The vogue for mink in postwar Britain was such that women who could not hope for a mink coat would console themselves with a stole, a fur tie, a mink brooch or even a pair of mink earrings. The fur’s cachet was such that one might buy cosmetics in the shade of ‘mutation mink’ (Gala), or even Steiner’s White Mink perfume. Diana Dors, Britain’s answer to Marilyn Monroe, caused a sensation when she appeared on the Venice Lido during the film festival in what was supposed to have been a mink bikini – although she later confessed that it had really been made from rabbit.
But would mink, in its turn, fall out of fashion? Links had pointed out that skunk fur, popular before fox, was now worthless. He recommended those who still had muffs or stoles in skunk to burn them before they suffered an infestation of moth or weevil. Fox was going the same way but Links thought it unlikely that mink would fall from favour:
My own guess is that when women stop wearing mink they will stop wearing fur altogether, and as this eventuality has not occurred for several thousand years, it will, I hope, be postponed for yet a little longer.
Few foresaw how thoroughly fashion was to fall out with fur in Britain in the late 20th century. How do we explain this? It has often been assumed that the animal rights movement was successful in changing public attitudes. The uncompromisingly militant Animal Liberation Front was formed in 1976, PETA (People for the Ethical Treatment of Animals) in 1980 and Lynx, the animal welfare trust, in 1984. Lynx mounted a high-profile advertising and poster campaign in the 1980s, most memorably distributing an image by David Bailey which showed a model trailing a fur coat oozing blood on the catwalk with the slogan: ‘It takes up to 40 dumb animals to make this but only one to wear it.’ The organisation attracted the support of celebrities who vowed not to wear fur. Anti-fur protestors sprayed red paint on those wearing fur in public and attacked fur farms. By the 1990s many fur retailers and fur sections in department stores such as Debenhams and Harrods closed and fur farming became illegal in the UK in 2002.
So did the animal rights movement drive the fur coat wearing classes to extinction? Britain is not wholly representative here – fur farming continues in large sections of the world and many women in Europe and elsewhere continue to wear their fur coats with pride. The British experience was not clear cut. Fur was falling from favour well before the activism of the 1980s. In the late 1950s the price of mink fell dramatically. The cost of manufacturing a mink coat now exceeded that of the raw materials and there were many in the trade who felt that the luxury status of fur was becoming a thing of the past. Demand began to fall. The widespread adoption of central heating no doubt played some part: in bitter cold, nothing keeps you warm like natural fur. But the truth was that the fur coat, once the epitome of glamour and luxury, acquired unfashionable connotations from the 1960s. It signified an older, less trendy and more dependent kind of femininity. The urbane and discreet Links had insisted that most furs were bought by husbands for their wives and not for their mistresses. But in the popular mind the fur coat had come to signify hussies on the make or the kept woman.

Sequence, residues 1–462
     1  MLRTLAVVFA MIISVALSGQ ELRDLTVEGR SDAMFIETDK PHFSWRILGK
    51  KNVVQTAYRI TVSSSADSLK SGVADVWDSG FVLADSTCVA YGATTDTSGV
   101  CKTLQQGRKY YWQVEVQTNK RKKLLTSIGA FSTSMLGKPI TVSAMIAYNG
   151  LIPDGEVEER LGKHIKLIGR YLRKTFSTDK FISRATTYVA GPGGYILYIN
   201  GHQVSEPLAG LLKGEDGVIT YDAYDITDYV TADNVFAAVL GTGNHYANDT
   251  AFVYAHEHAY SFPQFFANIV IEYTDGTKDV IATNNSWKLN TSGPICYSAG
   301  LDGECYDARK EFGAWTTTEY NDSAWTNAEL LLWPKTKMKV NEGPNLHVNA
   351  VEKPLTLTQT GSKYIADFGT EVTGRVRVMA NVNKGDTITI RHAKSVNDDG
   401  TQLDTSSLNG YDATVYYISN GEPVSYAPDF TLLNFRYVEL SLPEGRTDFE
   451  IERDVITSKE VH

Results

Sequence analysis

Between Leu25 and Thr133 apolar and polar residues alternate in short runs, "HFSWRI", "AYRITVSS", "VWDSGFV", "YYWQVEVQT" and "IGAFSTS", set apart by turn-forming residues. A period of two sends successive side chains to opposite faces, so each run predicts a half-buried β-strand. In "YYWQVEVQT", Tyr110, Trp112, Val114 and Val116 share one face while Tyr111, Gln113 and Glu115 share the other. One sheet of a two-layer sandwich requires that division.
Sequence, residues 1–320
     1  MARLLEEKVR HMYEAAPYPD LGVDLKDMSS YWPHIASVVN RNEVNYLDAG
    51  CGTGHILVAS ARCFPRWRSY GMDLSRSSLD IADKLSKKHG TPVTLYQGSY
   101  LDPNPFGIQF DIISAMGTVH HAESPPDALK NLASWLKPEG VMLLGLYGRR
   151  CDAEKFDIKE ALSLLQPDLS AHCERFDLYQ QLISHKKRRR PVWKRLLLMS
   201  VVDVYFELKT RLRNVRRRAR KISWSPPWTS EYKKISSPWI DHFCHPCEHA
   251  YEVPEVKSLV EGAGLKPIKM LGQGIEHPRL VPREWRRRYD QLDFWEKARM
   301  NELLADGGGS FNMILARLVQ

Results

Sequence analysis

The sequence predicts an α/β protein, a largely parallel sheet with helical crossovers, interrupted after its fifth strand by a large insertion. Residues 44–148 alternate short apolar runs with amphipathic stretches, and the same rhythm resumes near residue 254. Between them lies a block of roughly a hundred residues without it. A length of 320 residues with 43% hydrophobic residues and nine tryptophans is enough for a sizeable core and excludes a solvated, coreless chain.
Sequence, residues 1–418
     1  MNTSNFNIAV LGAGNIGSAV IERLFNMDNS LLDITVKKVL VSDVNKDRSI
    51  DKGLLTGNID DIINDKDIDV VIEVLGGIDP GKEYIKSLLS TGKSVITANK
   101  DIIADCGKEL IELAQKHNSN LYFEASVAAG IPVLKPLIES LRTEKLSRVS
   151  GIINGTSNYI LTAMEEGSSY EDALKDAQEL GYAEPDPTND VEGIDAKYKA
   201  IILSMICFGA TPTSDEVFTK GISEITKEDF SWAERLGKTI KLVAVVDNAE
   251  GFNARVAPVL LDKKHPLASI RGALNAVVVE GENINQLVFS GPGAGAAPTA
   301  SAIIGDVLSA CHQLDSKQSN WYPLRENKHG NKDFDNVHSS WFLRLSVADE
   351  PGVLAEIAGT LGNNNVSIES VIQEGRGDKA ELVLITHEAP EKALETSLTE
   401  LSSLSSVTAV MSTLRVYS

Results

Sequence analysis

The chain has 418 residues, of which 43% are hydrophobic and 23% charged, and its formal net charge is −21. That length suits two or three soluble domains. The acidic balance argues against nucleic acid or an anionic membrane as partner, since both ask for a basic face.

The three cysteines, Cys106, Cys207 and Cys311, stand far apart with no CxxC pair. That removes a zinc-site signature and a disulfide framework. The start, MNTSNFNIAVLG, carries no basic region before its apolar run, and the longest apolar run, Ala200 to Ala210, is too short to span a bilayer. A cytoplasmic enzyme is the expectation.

This had little appeal for the young woman of the 1960s. When she rose to television fame as a popular singer in the 1950s, Alma Cogan had celebrated by buying two silver blue mink coats, one for herself and the other for her mother. She had offered to buy one for her younger sister, Sandra, too, but Sandra had demurred. She wanted to be seen as a serious actress ‘and a sort of beatnik’, she recorded, and she insisted on a duffel coat instead. Fur was a dying trend. Fur coats, once lovingly consigned to ‘cold storage’ facilities in department stores in summer, went to the back of the wardrobe instead. Many found their way to flea-markets or car-boot sales in the new millennium.
Carol Dyhouse is Research Professor in History, University of Sussex and the author of Glamour: Women, History, Feminism (Zed Books, 2010).